Spatiotemporal catalytic dynamics within single nanocatalysts revealed by single-molecule microscopy
This review discusses the latest advances in using single-molecule microscopy of fluorogenic reactions to examine and understand the spatiotemporal catalytic behaviors of single metal nanoparticles of various shapes including pseudospheres, nanorods, and nanoplates. Real-time single-turnover kinetics reveal size-, catalysis-, and metal-dependent temporal activity fluctuations of single pseudospherical nanoparticles (<20 nm in diameter). These temporal catalytic dynamics can be related to nanoparticles' dynamic surface restructuring whose timescales and energetics can be quantified. Single-molecule super-resolution catalysis imaging further enables the direct quantification of catalytic activities at different surface sites (i.e., ends vs. sides, or corner, edge vs. facet regions) on single pseudo 1-D and 2-D nanocrystals, and uncovers linear and radial activity gradients within the same surface facets. These spatial activity patterns within single nanocrystals can be attributed to the inhomogeneous distributions of low-coordination surface sites, including corner, edge, and defect sites, among which the distribution of defect sites is correlated with the nanocrystals' morphology and growth mechanisms. A brief discussion is given on the extension of the single-molecule imaging approach to catalysis that does not involve fluorescent molecules.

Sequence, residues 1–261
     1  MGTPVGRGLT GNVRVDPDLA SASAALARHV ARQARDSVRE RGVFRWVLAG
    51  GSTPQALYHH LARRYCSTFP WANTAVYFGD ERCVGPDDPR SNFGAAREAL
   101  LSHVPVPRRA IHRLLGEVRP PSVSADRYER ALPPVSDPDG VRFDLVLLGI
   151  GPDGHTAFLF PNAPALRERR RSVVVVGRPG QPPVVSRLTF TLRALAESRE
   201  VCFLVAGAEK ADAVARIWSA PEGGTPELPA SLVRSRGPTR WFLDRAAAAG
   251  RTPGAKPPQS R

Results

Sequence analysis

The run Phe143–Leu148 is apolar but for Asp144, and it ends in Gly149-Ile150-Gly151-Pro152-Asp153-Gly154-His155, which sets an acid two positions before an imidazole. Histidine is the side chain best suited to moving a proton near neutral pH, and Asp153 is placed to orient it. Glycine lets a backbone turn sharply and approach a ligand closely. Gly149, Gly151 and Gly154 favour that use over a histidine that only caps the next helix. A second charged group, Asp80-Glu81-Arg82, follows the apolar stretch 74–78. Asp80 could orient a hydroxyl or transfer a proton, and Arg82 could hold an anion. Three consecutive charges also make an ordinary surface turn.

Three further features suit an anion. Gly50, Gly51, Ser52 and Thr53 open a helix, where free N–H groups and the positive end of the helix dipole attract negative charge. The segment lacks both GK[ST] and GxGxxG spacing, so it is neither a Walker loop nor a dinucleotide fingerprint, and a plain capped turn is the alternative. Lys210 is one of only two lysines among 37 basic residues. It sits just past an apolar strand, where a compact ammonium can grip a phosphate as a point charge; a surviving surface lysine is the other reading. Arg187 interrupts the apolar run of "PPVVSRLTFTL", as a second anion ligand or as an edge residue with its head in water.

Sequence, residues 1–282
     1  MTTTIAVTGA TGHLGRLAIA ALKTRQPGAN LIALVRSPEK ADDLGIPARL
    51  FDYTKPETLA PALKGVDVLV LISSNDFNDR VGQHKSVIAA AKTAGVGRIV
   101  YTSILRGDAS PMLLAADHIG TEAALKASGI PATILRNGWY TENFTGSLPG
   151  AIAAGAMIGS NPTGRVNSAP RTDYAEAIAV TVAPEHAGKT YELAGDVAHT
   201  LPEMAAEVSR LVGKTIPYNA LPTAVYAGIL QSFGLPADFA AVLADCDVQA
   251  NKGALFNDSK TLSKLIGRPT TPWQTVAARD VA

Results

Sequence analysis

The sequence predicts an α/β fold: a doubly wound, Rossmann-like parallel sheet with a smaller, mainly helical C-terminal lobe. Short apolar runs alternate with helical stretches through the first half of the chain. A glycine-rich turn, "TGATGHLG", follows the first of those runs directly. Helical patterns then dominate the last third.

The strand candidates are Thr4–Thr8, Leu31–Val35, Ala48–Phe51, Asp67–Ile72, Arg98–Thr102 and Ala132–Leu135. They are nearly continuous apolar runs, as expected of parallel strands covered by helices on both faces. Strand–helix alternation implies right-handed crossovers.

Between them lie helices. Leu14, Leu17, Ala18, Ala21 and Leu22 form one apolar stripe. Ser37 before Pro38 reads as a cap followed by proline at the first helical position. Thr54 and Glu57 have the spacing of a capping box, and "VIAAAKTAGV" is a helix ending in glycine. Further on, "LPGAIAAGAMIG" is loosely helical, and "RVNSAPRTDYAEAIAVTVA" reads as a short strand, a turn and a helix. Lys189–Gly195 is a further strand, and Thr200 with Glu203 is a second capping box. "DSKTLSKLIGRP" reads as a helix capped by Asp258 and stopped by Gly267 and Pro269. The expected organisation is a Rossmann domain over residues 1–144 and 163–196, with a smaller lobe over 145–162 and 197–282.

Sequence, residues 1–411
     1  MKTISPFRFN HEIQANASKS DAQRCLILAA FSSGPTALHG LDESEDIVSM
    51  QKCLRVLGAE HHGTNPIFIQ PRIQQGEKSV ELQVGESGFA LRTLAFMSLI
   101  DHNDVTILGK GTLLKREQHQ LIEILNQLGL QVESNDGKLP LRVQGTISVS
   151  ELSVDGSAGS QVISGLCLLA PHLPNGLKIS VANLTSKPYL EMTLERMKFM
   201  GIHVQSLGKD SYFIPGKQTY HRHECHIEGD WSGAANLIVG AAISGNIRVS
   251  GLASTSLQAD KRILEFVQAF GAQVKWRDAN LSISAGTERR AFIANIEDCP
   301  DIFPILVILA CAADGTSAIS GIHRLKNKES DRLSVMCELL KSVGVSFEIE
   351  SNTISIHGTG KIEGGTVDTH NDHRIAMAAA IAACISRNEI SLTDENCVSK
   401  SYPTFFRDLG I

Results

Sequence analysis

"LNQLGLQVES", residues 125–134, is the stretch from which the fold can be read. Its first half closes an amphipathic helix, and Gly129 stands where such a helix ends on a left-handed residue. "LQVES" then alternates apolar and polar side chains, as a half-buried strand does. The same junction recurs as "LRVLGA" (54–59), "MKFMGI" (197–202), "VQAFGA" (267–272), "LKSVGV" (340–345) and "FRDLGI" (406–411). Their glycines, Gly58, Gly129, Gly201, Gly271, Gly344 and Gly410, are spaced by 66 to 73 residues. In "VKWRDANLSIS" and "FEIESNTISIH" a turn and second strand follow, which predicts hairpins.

- This article is part of the themed collection: Single-molecule optical spectroscopy